Cell Cycle Changes to the Golgi Apparatus in Animal Cells

  • Graham Warren
Conference paper
Part of the NATO ASI Series book series (volume 91)


Dramatic changes occur to the morphology of the Golgi apparatus at the onset of mitosis in animal cells (Warren, 1985, 1993) and figure 1 provides a schematic view of this process. The compact, juxta-nuclear reticulum found in interphase cells is converted, during prophase, to several hundred discrete Golgi stacks. This is thought to occur by scission of the tubules that connect equivalent cisternae in adjacent stacks (Rambourg and Clermont, 1990; Rothman and Warren, 1994). During the middle phases of mitosis (prometaphase, metaphase and anaphase), each stack undergoes complete vesiculation to yield Golgi clusters (Lucocq et al, 1987; Lucocq and Warren, 1987). These clusters then shed vesicles which become dispersed throughout the mitotic cell cytoplasm (Lucocq et al., 1989). During telophase, these processes are reversed; clusters grow by accretion of vesicles which then fuse to reform Golgi stacks. The dispersed stacks then move to the peri-centriolar region, probably by movement along microtubules (Ho et al, 1989; Corthésy-Theulaz et al, 1992), where they undergo homotypic fusion to re-form the interphase Golgi apparatus (Lucocq et al., 1989). The end result of this stochastic process is that the original mother Golgi apparatus is equally distributed between the two daughter cells (Birky, 1983).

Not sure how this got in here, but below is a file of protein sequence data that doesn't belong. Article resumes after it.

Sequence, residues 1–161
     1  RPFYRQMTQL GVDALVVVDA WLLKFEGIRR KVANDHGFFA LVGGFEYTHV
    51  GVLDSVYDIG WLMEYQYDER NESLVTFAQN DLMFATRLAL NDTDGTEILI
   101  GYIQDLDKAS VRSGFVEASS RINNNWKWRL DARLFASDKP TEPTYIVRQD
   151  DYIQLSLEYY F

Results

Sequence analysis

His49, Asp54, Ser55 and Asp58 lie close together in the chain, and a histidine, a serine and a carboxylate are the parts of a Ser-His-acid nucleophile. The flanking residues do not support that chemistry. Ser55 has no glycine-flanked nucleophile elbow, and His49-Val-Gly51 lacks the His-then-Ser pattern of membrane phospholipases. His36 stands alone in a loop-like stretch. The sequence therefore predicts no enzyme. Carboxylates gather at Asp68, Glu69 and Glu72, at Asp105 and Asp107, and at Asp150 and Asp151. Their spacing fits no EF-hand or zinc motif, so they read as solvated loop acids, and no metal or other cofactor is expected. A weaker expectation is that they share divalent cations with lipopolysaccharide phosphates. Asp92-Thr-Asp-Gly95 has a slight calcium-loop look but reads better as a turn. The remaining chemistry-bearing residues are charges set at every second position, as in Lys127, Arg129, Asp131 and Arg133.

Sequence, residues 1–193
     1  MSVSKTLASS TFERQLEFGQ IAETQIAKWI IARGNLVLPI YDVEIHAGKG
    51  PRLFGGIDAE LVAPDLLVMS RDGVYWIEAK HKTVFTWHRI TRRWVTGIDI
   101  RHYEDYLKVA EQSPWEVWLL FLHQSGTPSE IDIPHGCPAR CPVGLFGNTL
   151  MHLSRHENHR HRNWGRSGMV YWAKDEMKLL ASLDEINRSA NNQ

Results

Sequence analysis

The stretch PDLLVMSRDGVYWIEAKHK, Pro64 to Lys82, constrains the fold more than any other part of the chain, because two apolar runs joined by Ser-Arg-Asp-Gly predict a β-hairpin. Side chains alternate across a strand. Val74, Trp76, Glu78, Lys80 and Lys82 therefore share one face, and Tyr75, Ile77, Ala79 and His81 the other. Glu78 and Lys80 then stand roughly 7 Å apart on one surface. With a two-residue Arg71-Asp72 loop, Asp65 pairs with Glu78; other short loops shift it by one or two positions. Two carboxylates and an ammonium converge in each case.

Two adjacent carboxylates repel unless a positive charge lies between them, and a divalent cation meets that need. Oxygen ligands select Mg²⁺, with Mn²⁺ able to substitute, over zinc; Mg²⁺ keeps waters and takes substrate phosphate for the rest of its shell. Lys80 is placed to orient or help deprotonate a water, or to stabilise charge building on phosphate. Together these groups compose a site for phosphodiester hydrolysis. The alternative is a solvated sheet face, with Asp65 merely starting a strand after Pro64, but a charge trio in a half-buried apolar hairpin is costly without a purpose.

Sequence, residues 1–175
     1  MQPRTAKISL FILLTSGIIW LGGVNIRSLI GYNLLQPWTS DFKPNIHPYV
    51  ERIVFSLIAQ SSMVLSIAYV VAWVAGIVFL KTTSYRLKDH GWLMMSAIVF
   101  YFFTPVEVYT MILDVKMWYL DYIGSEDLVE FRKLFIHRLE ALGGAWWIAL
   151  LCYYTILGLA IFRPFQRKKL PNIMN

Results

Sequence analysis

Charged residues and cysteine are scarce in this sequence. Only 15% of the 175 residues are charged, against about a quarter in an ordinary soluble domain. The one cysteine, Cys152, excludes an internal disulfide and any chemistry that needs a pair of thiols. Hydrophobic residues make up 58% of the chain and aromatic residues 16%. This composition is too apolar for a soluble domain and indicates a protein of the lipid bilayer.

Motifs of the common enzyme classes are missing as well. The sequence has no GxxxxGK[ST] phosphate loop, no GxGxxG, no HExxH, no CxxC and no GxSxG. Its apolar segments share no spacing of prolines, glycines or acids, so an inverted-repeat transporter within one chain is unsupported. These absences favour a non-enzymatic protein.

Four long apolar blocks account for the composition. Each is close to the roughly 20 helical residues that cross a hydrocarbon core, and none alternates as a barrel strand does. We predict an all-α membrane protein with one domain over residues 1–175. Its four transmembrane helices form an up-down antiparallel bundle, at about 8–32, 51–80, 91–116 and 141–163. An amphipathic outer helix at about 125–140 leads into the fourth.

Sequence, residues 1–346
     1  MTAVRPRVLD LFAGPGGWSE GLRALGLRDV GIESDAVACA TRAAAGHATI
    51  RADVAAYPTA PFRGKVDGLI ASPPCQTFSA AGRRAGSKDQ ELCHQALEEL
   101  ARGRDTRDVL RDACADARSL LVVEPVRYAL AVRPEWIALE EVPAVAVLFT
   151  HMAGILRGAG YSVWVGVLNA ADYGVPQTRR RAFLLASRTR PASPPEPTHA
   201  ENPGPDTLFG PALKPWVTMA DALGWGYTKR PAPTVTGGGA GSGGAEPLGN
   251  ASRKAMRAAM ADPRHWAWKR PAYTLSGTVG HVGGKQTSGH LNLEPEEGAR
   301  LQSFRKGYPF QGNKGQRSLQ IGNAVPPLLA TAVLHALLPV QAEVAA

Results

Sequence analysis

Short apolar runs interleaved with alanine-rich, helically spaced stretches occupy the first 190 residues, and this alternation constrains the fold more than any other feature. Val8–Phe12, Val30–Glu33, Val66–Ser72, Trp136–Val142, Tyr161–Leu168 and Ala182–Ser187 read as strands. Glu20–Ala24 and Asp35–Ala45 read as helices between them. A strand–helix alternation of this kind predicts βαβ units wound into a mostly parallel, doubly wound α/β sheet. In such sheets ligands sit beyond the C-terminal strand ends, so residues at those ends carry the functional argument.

Golgi Apparatus Transport Vesicle Membrane Traffic Golgi Stack Cell Cycle Change 
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Copyright information

© Springer-Verlag Berlin Heidelberg 1995

Authors and Affiliations

  • Graham Warren
    • 1
  1. 1.Imperial Cancer Research FundLondonUK

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